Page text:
A careful approach to logging by contractors such as Jessup Bros. Forest Products is yielding jobs, good quality timber and an ample wood supply from Ontario’s well-known Algonquin Provincial Park—timber that also helps to sustain jobs at local sawmills.

Focus on Filing
The upcoming B.C. Saw Filer’s Association conference in Kamloops, B.C., features a solid line-up of speakers—and the opportunity to see the latest in saw filing equipment from equipment manufacturers.

Plywood going up - literally
B.C.’s Thompson River Veneer Products Ltd is benefiting from the general upturn in the economy, and sees demand for its plywood growing with building codes now allowing an increase in wood structure heights.

The Edge
Included in The Edge, Canada’s leading publication on research in the forest industry, are stories from the Canadian Wood Fibre Centre, Alberta Innovates - Bio Solutions and FPInnovations.

The Last Word
Tony Kryzanowski says a lack of joint ventures may be stunting the growth of the forest industry.



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B.C.’s Kineshanko LoggingCat—through and through

B.C.’s Kineshanko Logging recently celebrated its 40th year in logging, and all through that time their equipment has only been one colour: Cat yellow.

By Paul MacDonald

B.C.’s Kineshanko Logging recently celebrated an anniversary, and it was a special one considering the wringer the forest industry went through the last few years: in 2014, it celebrated its 40th year in business.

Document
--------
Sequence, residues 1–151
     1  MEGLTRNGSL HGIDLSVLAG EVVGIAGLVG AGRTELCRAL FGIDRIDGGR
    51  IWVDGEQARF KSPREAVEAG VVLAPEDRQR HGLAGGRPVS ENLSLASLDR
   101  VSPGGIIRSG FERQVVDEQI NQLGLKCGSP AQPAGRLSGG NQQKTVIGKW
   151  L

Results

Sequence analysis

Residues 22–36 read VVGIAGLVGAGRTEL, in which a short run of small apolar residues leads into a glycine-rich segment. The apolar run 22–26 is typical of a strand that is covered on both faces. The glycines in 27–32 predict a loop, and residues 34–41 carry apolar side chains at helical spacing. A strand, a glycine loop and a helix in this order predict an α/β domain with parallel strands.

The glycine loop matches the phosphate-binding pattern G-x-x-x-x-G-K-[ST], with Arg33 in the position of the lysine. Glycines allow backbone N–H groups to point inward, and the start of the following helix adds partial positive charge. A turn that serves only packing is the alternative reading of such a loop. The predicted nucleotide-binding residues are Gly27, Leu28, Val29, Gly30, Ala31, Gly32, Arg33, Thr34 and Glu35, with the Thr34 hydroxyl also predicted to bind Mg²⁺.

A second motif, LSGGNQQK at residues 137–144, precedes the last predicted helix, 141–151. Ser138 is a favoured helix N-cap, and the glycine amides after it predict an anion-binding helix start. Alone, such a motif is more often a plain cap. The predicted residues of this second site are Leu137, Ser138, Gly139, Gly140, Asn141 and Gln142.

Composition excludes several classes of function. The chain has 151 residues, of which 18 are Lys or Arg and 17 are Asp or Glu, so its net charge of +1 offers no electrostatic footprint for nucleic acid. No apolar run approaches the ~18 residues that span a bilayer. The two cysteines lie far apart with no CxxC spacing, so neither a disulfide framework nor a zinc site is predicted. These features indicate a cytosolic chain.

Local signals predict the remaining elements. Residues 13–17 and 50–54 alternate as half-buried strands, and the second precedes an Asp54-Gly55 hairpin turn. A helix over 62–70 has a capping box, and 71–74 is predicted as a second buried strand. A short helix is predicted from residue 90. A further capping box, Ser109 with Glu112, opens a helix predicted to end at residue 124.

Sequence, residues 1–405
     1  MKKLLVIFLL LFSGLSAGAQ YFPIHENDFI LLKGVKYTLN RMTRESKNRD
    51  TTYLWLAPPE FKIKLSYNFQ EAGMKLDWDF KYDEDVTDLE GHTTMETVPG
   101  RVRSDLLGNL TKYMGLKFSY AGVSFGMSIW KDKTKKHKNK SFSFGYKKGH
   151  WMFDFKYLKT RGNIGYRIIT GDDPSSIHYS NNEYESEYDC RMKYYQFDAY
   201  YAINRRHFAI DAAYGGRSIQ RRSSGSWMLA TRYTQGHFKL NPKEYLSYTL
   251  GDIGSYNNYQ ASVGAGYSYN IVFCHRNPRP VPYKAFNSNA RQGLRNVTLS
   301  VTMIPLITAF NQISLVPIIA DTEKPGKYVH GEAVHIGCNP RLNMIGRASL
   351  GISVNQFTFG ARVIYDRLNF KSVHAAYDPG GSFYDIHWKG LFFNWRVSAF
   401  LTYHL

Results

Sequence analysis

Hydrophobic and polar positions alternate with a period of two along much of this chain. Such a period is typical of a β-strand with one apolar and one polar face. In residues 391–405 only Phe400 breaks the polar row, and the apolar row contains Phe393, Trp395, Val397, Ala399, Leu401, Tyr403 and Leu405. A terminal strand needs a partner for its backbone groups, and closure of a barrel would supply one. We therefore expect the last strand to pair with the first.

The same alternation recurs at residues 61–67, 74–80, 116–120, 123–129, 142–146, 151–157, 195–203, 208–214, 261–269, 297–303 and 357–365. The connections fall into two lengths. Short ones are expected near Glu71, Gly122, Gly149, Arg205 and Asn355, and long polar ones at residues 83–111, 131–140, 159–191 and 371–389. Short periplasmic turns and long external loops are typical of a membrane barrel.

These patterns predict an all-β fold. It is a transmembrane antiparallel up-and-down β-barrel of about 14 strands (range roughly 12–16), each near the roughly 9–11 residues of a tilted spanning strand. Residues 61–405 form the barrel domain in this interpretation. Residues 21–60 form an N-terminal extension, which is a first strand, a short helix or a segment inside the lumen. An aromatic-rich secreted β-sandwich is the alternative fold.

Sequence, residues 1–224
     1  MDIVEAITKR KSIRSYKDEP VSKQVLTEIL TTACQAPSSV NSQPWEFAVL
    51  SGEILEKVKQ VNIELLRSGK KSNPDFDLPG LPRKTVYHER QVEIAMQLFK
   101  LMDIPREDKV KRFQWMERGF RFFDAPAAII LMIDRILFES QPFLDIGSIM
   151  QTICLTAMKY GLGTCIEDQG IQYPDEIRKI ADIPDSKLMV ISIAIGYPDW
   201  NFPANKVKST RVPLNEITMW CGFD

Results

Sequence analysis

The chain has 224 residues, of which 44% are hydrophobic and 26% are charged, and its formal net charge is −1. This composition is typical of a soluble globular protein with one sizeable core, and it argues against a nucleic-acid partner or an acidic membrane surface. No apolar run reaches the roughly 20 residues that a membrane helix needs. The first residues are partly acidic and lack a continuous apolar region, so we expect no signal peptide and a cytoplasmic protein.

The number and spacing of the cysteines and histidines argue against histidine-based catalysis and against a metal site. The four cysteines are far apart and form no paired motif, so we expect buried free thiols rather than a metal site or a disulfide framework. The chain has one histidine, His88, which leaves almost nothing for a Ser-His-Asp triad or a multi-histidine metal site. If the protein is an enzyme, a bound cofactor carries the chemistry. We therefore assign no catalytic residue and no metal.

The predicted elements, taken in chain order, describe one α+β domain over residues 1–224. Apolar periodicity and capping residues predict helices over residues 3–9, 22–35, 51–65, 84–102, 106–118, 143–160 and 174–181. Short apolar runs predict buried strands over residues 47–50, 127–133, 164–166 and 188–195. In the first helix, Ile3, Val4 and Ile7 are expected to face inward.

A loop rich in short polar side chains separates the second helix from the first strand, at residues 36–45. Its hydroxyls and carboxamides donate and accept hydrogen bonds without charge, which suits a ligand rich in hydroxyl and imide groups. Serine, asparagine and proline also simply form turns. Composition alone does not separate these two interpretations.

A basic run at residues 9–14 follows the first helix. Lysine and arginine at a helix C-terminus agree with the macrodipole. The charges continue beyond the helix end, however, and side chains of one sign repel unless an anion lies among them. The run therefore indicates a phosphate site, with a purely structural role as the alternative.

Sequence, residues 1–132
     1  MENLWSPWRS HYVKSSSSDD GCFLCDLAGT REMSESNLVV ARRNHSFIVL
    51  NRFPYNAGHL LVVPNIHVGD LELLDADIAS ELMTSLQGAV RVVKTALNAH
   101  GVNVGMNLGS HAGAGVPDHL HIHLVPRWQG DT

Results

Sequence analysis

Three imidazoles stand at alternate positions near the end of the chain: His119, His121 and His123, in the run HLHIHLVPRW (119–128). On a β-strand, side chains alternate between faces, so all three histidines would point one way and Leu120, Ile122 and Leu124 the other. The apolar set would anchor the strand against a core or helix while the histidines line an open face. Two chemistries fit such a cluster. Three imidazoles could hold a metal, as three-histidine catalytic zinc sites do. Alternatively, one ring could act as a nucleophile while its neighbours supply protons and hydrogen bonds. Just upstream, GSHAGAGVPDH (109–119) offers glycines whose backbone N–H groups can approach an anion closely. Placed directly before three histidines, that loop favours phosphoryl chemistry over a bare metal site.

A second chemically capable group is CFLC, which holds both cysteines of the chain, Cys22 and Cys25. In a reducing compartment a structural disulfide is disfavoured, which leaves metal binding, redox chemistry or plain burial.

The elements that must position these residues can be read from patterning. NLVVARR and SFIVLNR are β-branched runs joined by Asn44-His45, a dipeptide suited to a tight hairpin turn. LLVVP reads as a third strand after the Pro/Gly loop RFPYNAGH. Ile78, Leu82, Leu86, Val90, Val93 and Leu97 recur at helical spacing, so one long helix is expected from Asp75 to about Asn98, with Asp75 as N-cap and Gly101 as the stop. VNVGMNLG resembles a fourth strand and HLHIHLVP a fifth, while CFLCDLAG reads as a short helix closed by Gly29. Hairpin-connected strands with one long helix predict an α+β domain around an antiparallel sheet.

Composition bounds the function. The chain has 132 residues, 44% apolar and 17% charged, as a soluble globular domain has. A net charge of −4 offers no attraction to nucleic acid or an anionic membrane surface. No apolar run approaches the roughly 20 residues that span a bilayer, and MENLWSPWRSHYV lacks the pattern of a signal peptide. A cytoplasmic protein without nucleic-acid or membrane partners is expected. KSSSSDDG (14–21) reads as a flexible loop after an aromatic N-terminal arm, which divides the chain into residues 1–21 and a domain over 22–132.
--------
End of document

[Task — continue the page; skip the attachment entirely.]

A number of logging contractors fell by the wayside during the downturn—or just simply left the business. But Kineshanko Logging, now run by the second generation of the Kineshanko family, persevered.

“Things are going better these days,” says Jeff Kineshanko, who now runs the operation with his, brother, Jon. Their father set up the business in Lumby, in B.C.’s Southern Interior, way back in 1974. The two brothers, and their mom, Joanne, took over the running of the business in 2006.

The industry went into a tailspin in the years following.

During the lean years of 2008 and 2009, they made full use of the equipment boneyard they have, and some of their older equipment, explained Jeff. Sometimes, that involved the equivalent of “MacGyvering” equipment to save on a trip to the dealer or to the shop.